In this case, that easel, sawhorse or clamp arrangement is essential. The very worst effect you can have is for that reflected light to be moving and bouncing about like a kid playing with reflecting the sun off a pocket mirror.

If you are conducting an interview about anything the least bit serious, a flaw of that nature with your lighting setup will not only be distracting, but it will detract from the credibility of your overal work. Yes, people do make those kinds of leaps in judgement.

Practice Makes Perfect

 Or so they say.  As I'm fond of saying, "Anyone looking for absolute perfection is on the wrong danged planet!"

Practice will certainly make you a more accomplished photographer whose photos are worthy of admiration instead of avoidance. 

Go play, and have fun!  For the majority of us, photography is a hobby, not a job, so enjoy the process!

© 2011 Liz Elias


Submit a Comment
  • photostudiosupply profile image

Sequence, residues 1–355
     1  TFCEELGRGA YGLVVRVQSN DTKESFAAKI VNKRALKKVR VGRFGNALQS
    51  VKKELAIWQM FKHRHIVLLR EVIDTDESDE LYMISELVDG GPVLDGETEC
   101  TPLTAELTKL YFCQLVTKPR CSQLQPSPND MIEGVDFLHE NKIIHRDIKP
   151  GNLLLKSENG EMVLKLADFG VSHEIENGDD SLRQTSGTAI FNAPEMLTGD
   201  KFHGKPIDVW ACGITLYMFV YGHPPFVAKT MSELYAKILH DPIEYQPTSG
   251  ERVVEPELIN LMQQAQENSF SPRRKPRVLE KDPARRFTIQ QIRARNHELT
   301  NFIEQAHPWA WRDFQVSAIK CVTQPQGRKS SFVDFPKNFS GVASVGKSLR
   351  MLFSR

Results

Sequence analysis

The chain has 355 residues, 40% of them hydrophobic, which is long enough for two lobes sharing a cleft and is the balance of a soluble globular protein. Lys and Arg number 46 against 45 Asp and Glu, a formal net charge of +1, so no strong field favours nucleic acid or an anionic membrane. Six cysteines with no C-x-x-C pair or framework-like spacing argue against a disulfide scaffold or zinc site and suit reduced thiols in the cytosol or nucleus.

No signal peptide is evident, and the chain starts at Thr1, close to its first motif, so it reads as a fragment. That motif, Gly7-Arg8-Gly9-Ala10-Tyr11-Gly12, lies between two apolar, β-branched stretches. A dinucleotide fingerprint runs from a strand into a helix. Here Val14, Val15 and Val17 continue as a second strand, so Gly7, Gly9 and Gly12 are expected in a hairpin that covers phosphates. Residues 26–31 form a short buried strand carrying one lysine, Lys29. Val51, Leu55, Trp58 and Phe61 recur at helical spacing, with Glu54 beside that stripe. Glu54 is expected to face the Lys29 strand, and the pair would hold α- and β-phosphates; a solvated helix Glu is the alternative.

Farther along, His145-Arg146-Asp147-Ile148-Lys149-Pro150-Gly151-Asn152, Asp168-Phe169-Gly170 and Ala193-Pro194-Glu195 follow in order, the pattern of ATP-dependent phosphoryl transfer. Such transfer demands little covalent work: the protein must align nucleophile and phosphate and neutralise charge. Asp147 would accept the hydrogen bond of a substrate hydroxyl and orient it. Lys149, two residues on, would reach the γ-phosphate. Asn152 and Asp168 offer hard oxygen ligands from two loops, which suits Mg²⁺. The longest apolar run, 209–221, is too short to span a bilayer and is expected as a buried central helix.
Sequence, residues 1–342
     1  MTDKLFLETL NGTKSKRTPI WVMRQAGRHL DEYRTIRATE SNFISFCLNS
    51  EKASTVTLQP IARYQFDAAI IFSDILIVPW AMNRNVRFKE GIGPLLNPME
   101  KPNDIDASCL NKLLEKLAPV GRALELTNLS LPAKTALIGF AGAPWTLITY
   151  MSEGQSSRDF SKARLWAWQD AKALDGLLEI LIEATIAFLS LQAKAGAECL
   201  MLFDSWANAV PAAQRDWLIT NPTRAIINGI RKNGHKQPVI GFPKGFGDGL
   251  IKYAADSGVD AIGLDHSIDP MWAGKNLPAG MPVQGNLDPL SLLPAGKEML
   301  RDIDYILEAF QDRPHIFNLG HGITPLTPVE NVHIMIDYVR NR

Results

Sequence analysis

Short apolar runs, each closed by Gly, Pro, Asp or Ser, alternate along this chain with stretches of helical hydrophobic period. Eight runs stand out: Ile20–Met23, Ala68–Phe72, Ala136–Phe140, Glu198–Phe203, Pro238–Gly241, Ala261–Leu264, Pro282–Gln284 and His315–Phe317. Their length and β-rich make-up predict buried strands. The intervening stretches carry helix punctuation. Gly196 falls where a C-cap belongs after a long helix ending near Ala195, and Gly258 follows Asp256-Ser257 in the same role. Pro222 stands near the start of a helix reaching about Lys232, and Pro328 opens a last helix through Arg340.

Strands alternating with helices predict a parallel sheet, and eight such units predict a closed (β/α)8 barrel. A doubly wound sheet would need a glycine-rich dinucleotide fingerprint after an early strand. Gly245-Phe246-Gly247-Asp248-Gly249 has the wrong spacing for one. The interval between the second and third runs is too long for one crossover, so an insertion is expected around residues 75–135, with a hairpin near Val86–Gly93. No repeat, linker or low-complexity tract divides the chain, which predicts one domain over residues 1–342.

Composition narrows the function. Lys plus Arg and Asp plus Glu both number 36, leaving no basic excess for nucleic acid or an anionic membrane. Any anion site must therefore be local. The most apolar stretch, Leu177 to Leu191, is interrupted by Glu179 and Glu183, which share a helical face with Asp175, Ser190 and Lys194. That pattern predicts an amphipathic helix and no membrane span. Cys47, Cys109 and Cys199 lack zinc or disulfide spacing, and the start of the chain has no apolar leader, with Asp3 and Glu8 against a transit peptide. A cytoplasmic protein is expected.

8 years ago from Rochester, New York

    I must say very helpful article. Good job Lizzy!!!!!

  • DzyMsLizzy profile imageAUTHOR

    Liz Elias 

    8 years ago from Oakley, CA

    Hello, jaswinder64--

    Thank you very much for your comment--it is much appreciated, and I'm pleased you found the article useful.

  • jaswinder64 profile image


    8 years ago from Toronto, Canada.

    Your article is very useful, its informative and helpful. Thanks for writing to help people.

  • DzyMsLizzy profile imageAUTHOR

    Liz Elias 

    9 years ago from Oakley, CA

    Thanks, Fossillady! I'm glad you found it useful. Those manual can be a bore to read, and confusing, as well. Manuals are written by the "techie" people, and not by "word people," and certainly not by English majors. LOL

  • Fossillady profile image


    9 years ago from Saugatuck Michigan

    Very useful information and so much better than reading a manual!

  • DzyMsLizzy profile imageAUTHOR

    Liz Elias 

    9 years ago from Oakley, CA

    Hi, Erin--